50 Shades of Union Dignity


Besides superior wages and benefits, one of the advantages of belonging to a union is that you can perform your job with dignity. Under a union contract, the boss can’t harass you, he can’t arbitrarily mess with your hours, and he can’t alter your pay. After fighting with his wife, your boss can’t show up for work and make you the unfair target of his foul mood. Your rights are laid out in the contract, and when those rights are violated, you have the means to fight back.

In the 1990s, I had a friend who was a low-level executive at the Boeing Corporation. Although he made decent money and had a fantastic stock-purchase plan, he admitted to being scared and worried most of the time—scared of displeasing his boss, scared of getting a new boss, scared of being laid-off, scared of restructuring, scared of irrational demands, scared of change, etc. He lived and worked in fear.

This guy loved my union stories. I was president of the union at the time, and, knowing how much he liked my anecdotes, went out of my way to regale him with tales of union assertiveness and mischief. No, he wouldn’t have swapped jobs with unionized industrial workers. After all, he knew his white-collar career was the more potentially rewarding. Still, it was obvious how much he envied the union’s freedom.

Some of my stories:

* We published a union newspaper that regularly mocked the latest seminar-generated, team-building jargon that had infiltrated the workplace. Management was furious, not only because we were ridiculing their existence, but because copies of the newspaper regularly reached the hands of salaried employees who agreed with us.

* When machine crews set a corporation production record, they often declined to join in the cornball celebration, demonstrating to the company that they were cranking out quality product not to gain Brownie points or please management, but to please themselves.

* We could say anything, with zero fear of reprisal. It was like having immunity on the Senate floor. You could tell top management that you didn’t believe one word of the hideous propaganda they were spouting. Salaried employees approached us privately and told us how much they wished they had that same freedom to express themselves.

* We went on strike after being warned that if we shut it down, they wouldn’t start it back up. Instead, they vowed to lay off the entire workforce and relocate elsewhere. We assured them that the only thing those empty threats were doing was pissing us off. We stayed out 57 days. That was more than 20 years ago. The plant is still there, still cranking out product, still generating profits.

* They once invited me and another officer to a presentation conducted by a paid ($1,200 per day) consultant. Either this consultant had never encountered union resistance before or we caught him off-guard, because we made a shambles of the Q&A segment, mercilessly challenging every platitude he uttered. Although a couple of engineers privately praised us for saying what they couldn’t say, an HR rep told me she had been “mortified” by our remarks. Fine, I said. Don’t invite us back.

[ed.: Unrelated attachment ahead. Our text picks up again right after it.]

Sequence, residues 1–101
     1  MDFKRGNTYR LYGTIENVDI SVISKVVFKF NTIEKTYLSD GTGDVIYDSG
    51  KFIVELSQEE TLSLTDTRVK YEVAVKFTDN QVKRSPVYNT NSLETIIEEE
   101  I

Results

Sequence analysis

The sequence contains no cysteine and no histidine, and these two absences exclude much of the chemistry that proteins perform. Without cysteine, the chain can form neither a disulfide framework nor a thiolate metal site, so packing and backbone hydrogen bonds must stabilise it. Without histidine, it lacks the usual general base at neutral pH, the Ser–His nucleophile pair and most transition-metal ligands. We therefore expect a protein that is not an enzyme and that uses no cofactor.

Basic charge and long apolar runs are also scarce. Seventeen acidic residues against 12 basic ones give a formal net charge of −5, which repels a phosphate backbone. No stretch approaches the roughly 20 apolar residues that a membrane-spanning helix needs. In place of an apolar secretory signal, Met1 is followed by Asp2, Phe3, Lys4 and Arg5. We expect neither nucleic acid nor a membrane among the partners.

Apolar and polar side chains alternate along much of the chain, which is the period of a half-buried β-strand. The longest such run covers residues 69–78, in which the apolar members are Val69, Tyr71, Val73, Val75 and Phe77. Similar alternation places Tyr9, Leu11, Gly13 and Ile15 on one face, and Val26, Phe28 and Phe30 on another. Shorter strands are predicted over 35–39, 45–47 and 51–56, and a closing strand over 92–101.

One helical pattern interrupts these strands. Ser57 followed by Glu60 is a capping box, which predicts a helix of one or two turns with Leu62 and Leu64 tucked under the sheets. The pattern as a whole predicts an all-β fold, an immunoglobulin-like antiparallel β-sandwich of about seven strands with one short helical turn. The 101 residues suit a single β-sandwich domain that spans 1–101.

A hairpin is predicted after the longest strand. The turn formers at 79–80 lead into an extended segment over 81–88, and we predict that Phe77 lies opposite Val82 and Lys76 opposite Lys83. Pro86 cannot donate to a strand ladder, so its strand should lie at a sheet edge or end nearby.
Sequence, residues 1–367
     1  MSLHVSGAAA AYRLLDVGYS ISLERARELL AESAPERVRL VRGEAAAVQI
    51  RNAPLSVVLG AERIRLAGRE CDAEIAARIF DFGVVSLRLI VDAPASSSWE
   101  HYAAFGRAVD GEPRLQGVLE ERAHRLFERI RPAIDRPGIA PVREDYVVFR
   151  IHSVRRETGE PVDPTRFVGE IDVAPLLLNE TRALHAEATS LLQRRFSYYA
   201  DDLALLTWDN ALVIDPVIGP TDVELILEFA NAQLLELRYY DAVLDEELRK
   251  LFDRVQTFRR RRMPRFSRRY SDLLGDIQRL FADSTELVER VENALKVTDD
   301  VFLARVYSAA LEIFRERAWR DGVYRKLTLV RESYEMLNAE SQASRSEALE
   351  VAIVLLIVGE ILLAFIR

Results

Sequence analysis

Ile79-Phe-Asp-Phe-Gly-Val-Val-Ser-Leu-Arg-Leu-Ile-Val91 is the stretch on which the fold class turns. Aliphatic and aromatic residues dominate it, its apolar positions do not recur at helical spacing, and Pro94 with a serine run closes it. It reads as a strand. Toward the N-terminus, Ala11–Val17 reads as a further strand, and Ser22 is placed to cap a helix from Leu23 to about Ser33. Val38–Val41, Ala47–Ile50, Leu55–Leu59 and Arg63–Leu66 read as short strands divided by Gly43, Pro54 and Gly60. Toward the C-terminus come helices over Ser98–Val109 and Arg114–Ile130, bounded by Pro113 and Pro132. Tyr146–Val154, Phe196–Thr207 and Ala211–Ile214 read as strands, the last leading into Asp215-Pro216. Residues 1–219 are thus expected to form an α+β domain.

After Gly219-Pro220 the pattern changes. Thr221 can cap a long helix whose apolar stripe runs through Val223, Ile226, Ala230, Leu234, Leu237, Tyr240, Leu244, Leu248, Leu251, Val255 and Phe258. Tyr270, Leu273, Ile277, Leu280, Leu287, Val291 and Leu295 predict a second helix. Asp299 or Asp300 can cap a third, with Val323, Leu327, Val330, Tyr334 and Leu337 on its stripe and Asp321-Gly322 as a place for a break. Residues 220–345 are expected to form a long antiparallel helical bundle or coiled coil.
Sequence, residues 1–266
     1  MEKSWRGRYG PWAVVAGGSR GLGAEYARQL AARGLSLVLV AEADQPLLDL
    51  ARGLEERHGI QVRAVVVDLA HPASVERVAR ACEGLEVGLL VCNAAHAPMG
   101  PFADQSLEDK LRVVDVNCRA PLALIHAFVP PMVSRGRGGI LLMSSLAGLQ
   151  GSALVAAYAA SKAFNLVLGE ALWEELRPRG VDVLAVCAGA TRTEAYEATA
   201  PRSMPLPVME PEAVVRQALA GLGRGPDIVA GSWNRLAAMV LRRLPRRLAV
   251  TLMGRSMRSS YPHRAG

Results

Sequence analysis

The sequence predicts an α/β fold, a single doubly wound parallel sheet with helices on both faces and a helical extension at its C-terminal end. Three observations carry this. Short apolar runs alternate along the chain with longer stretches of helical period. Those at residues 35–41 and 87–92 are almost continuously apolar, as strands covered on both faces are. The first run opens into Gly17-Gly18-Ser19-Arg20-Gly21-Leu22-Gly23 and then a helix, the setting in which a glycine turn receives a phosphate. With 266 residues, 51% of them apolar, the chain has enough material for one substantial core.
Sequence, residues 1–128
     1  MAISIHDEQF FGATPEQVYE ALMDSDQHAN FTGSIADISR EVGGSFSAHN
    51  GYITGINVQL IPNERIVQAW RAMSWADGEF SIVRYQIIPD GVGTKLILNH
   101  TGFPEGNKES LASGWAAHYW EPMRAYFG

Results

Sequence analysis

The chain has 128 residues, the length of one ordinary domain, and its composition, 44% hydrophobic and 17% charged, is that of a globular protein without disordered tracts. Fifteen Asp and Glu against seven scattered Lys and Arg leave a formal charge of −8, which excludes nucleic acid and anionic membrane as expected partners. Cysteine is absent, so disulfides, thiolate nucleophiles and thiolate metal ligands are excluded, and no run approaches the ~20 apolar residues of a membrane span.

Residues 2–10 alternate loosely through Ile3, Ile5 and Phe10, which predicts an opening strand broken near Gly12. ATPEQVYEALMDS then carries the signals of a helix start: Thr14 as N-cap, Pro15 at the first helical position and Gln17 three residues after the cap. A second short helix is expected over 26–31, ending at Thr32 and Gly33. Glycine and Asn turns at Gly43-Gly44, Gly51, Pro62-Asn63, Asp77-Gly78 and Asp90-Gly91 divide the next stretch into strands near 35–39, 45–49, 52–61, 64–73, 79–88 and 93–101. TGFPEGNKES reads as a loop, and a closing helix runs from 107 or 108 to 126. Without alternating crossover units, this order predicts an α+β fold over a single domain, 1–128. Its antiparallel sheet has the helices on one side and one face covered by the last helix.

I should mention that one of my friend’s misapprehensions was the belief that union members were, by and large, crappy workers. Unfortunately, that toxic myth has leaked into the public’s consciousness. He’d heard all his life that union workers were lazy, defiant and sullen, and that even the worst of them couldn’t be fired because unions were so powerful they wouldn’t allow it

Two points eased my friend’s mind: (1) Facilities with the best wages and benefits (union facilities) will always attract the best workers in a community. Simple as that. (2) Union members get fired all the time. During my tenure, probably 20 people were fired for everything from job performance to chronic absenteeism. Do people honestly believe employees get to tell their bosses what to do? That’s plain nutty.

I shared with my friend the true story of how the union executive board once tried to implement a work “slow-down” among the warehouse drivers to protest a new company policy. The proposed slow-down failed utterly. Why? Because none of these “lazy, sullen and defiant” warehouse drivers were willing to do anything that made them look bad as workers.

It’s true. These drivers were simply too proud to pretend they couldn’t perform their jobs adequately. Not that they weren’t rebellious enough to defy the company. Indeed, they begged us to come up with an alternative plan—anything except forcing them to look incompetent. And fear of management reprisal never entered into it. The slow-down would’ve been by the book and entirely “legal.”

In truth, the average American not only wants to work, but strives to do a good job. People don’t want 20 hours a week; they want a real job—a full-time, 40-hour a week job. And it’s more than just the money. They want a destination, a place to go when they get up in the morning, something productive to give their lives structure. Such a pity that even so modest a goal as having a full-time job is now considered a “luxury.”

David Macaray, an LA playwright and author (“It’s Never Been Easy: Essays on Modern Labor”), was a former union rep.

David Macaray is a playwright and author. His newest book is “Nightshift: 270 Factory Stories.” He can be reached at dmacaray@gmail.com

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